Regular megagon | |
---|---|

Type | Regular polygon |

Edges and vertices | 1000000 |

Schläfli symbol | {1000000}, t{500000}, tt{250000}, ttt{125000}, tttt{62500}, ttttt{31250}, tttttt{15625} |

Coxeter–Dynkin diagrams | |

Symmetry group | Dihedral (D_{1000000}), order 2×1000000 |

Internal angle (degrees) | 179.99964° |

Properties | Convex, cyclic, equilateral, isogonal, isotoxal |

Dual polygon | Self |

A **megagon** or **1,000,000-gon** (million-gon) is a polygon with one million sides (mega-, from the Greek μέγας, meaning "great", being a unit prefix denoting a factor of one million).^{[1]}^{[2]}

A regular megagon is represented by the Schläfli symbol {1,000,000} and can be constructed as a truncated 500,000-gon, t{500,000}, a twice-truncated 250,000-gon, tt{250,000}, a thrice-truncated 125,000-gon, ttt{125,000}, or a four-fold-truncated 62,500-gon, tttt{62,500}, a five-fold-truncated 31,250-gon, ttttt{31,250}, or a six-fold-truncated 15,625-gon, tttttt{15,625}.

A regular megagon has an interior angle of 179°59'58.704" or
3.14158637 radians.^{[1]} The area of a regular megagon with sides of length *a* is given by

The perimeter of a regular megagon inscribed in the unit circle is:

which is very close to 2π. In fact, for a circle the size of the Earth's equator, with a circumference of 40,075 kilometres, one edge of a megagon inscribed in such a circle would be slightly over 40 meters long. The difference between the perimeter of the inscribed megagon and the circumference of this circle comes to less than 1/16 millimeters.^{[3]}

Because 1,000,000 = 2^{6} × 5^{6}, the number of sides is not a product of distinct Fermat primes and a power of two. Thus the regular megagon is not a constructible polygon. Indeed, it is not even constructible with the use of an angle trisector, as the number of sides is neither a product of distinct Pierpont primes, nor a product of powers of two and three.

Like René Descartes's example of the chiliagon, the million-sided polygon has been used as an illustration of a well-defined concept that cannot be visualised.^{[4]}^{[5]}^{[6]}^{[7]}^{[8]}^{[9]}^{[10]}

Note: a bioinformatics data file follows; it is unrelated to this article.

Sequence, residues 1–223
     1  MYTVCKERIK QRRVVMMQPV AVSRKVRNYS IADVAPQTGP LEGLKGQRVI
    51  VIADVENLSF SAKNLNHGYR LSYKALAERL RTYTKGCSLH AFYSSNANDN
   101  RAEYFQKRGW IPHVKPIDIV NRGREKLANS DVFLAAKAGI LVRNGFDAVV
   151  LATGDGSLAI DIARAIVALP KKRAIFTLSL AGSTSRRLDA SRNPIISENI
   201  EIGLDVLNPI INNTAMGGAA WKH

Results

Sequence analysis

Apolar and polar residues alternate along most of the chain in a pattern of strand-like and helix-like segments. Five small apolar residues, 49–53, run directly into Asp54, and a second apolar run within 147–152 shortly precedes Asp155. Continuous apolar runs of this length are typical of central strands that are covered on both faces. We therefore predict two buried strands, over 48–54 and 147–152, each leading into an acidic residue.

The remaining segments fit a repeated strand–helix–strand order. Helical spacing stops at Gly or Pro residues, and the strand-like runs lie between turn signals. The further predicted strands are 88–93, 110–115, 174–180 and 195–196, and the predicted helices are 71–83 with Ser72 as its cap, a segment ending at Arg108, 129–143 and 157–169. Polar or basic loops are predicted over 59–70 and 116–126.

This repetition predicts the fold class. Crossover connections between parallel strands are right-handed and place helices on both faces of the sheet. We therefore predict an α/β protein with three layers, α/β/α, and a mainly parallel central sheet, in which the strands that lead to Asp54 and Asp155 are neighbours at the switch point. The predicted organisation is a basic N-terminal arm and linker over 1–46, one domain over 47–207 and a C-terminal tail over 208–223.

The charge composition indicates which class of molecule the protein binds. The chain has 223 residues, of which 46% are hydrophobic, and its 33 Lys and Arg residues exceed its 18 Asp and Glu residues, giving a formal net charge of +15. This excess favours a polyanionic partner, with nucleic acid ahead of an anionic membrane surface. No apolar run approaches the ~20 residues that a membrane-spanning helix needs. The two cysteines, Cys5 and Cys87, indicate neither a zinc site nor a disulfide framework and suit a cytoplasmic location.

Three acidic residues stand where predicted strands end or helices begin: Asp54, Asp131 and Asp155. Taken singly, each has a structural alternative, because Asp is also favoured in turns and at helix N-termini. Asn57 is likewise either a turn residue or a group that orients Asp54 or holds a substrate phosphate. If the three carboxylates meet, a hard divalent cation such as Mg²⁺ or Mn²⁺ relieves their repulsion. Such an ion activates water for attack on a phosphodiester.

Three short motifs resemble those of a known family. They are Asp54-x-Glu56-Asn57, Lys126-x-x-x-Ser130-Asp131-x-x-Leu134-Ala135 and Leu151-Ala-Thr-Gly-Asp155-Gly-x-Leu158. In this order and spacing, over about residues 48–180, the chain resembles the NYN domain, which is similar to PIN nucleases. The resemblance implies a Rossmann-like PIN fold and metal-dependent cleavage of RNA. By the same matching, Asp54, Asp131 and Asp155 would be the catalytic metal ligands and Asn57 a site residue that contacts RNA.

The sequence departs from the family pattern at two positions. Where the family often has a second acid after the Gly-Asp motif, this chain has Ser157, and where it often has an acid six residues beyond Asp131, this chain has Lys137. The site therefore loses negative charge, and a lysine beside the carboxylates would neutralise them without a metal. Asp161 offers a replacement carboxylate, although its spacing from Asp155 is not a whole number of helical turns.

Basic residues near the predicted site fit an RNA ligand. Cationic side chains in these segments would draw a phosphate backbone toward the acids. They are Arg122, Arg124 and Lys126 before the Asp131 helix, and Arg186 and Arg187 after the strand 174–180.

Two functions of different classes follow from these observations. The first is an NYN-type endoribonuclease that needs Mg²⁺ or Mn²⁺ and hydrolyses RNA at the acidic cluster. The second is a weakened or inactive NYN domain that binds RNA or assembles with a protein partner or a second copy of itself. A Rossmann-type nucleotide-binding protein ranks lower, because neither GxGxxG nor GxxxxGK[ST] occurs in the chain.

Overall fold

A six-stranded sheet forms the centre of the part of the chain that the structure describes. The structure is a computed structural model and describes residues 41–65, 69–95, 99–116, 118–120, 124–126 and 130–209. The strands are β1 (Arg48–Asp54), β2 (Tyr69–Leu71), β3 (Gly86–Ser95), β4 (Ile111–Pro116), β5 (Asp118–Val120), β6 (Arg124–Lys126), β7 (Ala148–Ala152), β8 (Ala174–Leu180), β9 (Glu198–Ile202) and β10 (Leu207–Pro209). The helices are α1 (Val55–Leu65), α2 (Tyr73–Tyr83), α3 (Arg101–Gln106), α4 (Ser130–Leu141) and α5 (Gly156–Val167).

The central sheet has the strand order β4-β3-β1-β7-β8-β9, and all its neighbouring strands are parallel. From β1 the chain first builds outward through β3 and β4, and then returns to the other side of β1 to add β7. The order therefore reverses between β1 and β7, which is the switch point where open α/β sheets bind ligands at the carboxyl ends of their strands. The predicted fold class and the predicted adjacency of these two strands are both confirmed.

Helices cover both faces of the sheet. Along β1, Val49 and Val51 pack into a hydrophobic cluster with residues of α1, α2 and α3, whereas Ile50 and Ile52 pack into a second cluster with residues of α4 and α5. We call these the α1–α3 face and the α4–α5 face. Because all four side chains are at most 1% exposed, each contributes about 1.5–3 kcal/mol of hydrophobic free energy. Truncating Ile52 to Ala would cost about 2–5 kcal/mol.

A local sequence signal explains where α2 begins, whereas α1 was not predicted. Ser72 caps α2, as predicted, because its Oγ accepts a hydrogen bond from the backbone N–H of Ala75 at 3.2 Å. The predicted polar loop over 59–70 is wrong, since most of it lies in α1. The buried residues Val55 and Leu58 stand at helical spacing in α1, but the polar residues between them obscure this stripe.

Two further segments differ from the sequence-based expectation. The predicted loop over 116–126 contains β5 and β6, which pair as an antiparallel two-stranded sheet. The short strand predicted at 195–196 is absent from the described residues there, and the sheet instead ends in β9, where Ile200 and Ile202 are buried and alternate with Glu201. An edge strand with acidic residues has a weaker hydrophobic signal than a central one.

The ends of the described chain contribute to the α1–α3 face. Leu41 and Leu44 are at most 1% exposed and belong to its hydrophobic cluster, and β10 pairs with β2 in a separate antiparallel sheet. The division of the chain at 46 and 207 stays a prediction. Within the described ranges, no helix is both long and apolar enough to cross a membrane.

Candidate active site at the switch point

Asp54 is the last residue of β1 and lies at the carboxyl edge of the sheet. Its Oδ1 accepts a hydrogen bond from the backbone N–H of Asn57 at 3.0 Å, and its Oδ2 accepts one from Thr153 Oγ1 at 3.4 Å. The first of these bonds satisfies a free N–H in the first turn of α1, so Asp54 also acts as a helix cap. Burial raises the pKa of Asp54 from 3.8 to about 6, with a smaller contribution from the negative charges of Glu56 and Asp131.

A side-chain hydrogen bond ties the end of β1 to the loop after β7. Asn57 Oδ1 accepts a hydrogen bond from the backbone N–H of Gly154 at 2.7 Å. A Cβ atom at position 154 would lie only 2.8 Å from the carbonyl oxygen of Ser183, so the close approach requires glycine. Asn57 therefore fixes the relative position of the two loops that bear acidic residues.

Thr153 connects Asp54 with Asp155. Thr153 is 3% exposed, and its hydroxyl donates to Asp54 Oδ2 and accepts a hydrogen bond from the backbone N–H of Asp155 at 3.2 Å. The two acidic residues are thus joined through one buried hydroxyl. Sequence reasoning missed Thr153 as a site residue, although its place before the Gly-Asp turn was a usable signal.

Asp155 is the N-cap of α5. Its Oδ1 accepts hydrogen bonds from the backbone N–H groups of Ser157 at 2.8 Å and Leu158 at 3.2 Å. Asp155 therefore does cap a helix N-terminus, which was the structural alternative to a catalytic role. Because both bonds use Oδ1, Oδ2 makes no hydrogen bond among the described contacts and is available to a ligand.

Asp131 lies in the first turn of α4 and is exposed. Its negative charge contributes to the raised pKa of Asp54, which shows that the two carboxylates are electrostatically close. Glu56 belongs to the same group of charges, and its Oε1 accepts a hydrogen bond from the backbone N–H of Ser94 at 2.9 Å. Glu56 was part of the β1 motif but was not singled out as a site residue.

The megagon is also used as an illustration of the convergence of regular polygons to a circle.^{[11]}

The *regular megagon* has Dih_{1,000,000} dihedral symmetry, order 2,000,000, represented by 1,000,000 lines of reflection. Dih_{1,000,000} has 48 dihedral subgroups: (Dih_{500,000}, Dih_{250,000}, Dih_{125,000}, Dih_{62,500}, Dih_{31,250}, Dih_{15,625}), (Dih_{200,000}, Dih_{100,000}, Dih_{50,000}, Dih_{25,000}, Dih_{12,500}, Dih_{6,250}, Dih_{3,125}), (Dih_{40,000}, Dih_{20,000}, Dih_{10,000}, Dih_{5,000}, Dih_{2,500}, Dih_{1,250}, Dih_{625}), (Dih_{8,000}, Dih_{4,000}, Dih_{2,000}, Dih_{1,000}, Dih_{500}, Dih_{250}, Dih_{125}, Dih_{1,600}, Dih_{800}, Dih_{400}, Dih_{200}, Dih_{100}, Dih_{50}, Dih_{25}), (Dih_{320}, Dih_{160}, Dih_{80}, Dih_{40}, Dih_{20}, Dih_{10}, Dih_{5}), and (Dih_{64}, Dih_{32}, Dih_{16}, Dih_{8}, Dih_{4}, Dih_{2}, Dih_{1}). It also has 49 more cyclic symmetries as subgroups: (Z_{1,000,000}, Z_{500,000}, Z_{250,000}, Z_{125,000}, Z_{62,500}, Z_{31,250}, Z_{15,625}), (Z_{200,000}, Z_{100,000}, Z_{50,000}, Z_{25,000}, Z_{12,500}, Z_{6,250}, Z_{3,125}), (Z_{40,000}, Z_{20,000}, Z_{10,000}, Z_{5,000}, Z_{2,500}, Z_{1,250}, Z_{625}), (Z_{8,000}, Z_{4,000}, Z_{2,000}, Z_{1,000}, Z_{500}, Z_{250}, Z_{125}), (Z_{1,600}, Z_{800}, Z_{400}, Z_{200}, Z_{100}, Z_{50}, Z_{25}), (Z_{320}, Z_{160}, Z_{80}, Z_{40}, Z_{20}, Z_{10}, Z_{5}), and (Z_{64}, Z_{32}, Z_{16}, Z_{8}, Z_{4}, Z_{2}, Z_{1}), with Z_{n} representing π/*n* radian rotational symmetry.

John Conway labeled these lower symmetries with a letter and order of the symmetry follows the letter.^{[12]} **r2000000** represents full symmetry and **a1** labels no symmetry. He gives **d** (diagonal) with mirror lines through vertices, **p** with mirror lines through edges (perpendicular), **i** with mirror lines through both vertices and edges, and **g** for rotational symmetry.

These lower symmetries allows degrees of freedom in defining irregular megagons. Only the **g1000000** subgroup has no degrees of freedom but can be seen as directed edges.

A megagram is a million-sided star polygon. There are 199,999 regular forms^{[a]} given by Schläfli symbols of the form {1000000/*n*}, where *n* is an integer between 2 and 500,000 that is coprime to 1,000,000. There are also 300,000 regular star figures in the remaining cases.